Tough (1971) developed a means for determining the actual amount of learning activity undertaken by an adult in a year. Although his research focused on adult learners of all ages, subsequent reporting (Coolican, 1974) showed that the approach is applicable to various age groups and types of individuals. However, there have been no reports of comparisons between the amount of learning and preferences for instrumental or expressive forms of learning. Thus, directional predictions in terms of demographic characteristics are difficult to make. Utilizing Tough's methodology for discovering actual learning activity, it is hypothesized that differences in the amount of learning exist when instrumental and expressive categories are compared with several demographic variables. Any differences shown will facilitate directional pre­dictions for subsequent research.






Data collection involved interviewing 256 people, 55 and older, in a field setting. All subjects lived in Nebraska and were selected randomly from voter registration cards in two communities and 18 rural townships, from the rolls of two residential complexes built especially for the elderly, and from the rolls of a Mexican-American community center. There are built-in biases to voter registration cards. In addition, participants in programs for special groups or residents of homes or apartments built especially for the older person will be somewhat self-selecting. Consequently, one study limitation is that a totally random selection of subjects probably was not accomplished. A chi-square comparison of the study's demographic data with U.S. Census data for Nebraska did reveal that there were no significant differences in comparisons on sex, marital status, and occupation. However, the study population was somewhat older, more urban, more educated and had more nonwhites than a truly random sample of people 55 and older in Nebraska.


Of the interviewees, 41% were male, 89% were white American, 88% were middle class, 63% were married and 25% were widowed, 32% were high school graduates or less, 44% were or had been white-collar workers, and 40% were between the ages of 55 and 64. The average age was 68.11 years.


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Trained interviewers asked the participants to indicate in which of 32 courses (course titles with no interpretation were given) they would enroll given the opportunity and if there were no preventative constraints. The course titles were chosen from an initial pool of 75 titles gleaned through literature searching and by securing course catalogs from five institutions offering educational programs to the elderly. The subjects were told nothing relative to the instrumental or expressive categories. The interviewers also used an extensive probing technique to uncover the subjects' amount of annual learning in terms of number of hours and number of different projects (Tough, 1971, p. 17). (A learning project is defined as at least seven hours of related learning within a six-month period.)


Construct validation involved the use of a panel of judges. Each panel member (a teacher in gerontology, an administrator of gerontology programs, and an adult education-Cooperative Extension researcher), working independently of the other two, was given the initial list of 75 courses and definitions of the terms instrumental and expressive. A course title was included on the interview schedule if all three judges agreed as to whether it were instrumental or expressive.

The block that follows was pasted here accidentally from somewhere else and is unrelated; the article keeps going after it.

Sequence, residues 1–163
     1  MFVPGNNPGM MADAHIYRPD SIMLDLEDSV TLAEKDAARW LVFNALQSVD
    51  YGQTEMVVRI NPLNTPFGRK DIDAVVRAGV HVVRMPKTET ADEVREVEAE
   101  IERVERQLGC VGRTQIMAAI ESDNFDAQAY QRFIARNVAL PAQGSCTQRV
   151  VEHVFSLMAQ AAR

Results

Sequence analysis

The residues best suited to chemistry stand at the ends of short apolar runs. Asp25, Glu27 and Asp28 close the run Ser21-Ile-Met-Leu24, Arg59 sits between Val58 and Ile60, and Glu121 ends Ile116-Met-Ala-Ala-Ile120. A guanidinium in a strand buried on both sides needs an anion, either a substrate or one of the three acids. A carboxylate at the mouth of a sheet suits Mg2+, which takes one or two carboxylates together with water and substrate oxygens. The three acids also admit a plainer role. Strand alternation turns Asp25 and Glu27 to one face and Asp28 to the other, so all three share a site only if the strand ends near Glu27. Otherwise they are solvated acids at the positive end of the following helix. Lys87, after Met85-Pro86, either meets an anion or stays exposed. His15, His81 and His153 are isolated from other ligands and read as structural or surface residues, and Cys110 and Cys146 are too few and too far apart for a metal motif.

Concurrent validity was assessed by obtaining the information from interviewees as to their participation in learning activities during the year prior to the interview. The various activities were later classified as either expressive or instrumental in nature by the researcher and one independent judge. A correlation of the number of course preferences in a category to the number of corresponding actual learning projects for all individuals revealed that:


r instrumental = .254

rexpressive = .347


Both correlation coefficients are significant at the .001 level and beyond.


A telephone follow up of one person chosen randomly from each interviewer's group of subjects was carried out approximately one month after each interview to check the reliability of both interviewer and instrument. There were no observed differences or discrepancies. In addition, the total sample was split randomly into two groups. The groups were then compared by chi-square on the


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total number of expressive and the total number of instrumental course selections. No significant differences were found:






Group 1




Group 2







χ2 = 1.42


Data for the first two hypotheses were analyzed with the chi-square test; the .05 level of confidence was utilized to determine significant differences. Whenever a direction was predicted, the one-tailed test of significance was utilized (Siegel, 1956, p. 13; Tuckman, 1972, p. 378). The third hypothesis was examined by the t-test for significance in the differences between means of two groups. The number of learning projects was assumed to represent an interval scale so that the t-test could be used (Kerlinger, 1967, p. 427).




Table 1 includes the preference information and chi-square values pertaining to the first hypothesis. A significant preference for instrumental learning was found both in course selections and in actual learning projects. Approximately 60% of all course selections and learning projects were instrumental in nature, thus supporting the hypothesis.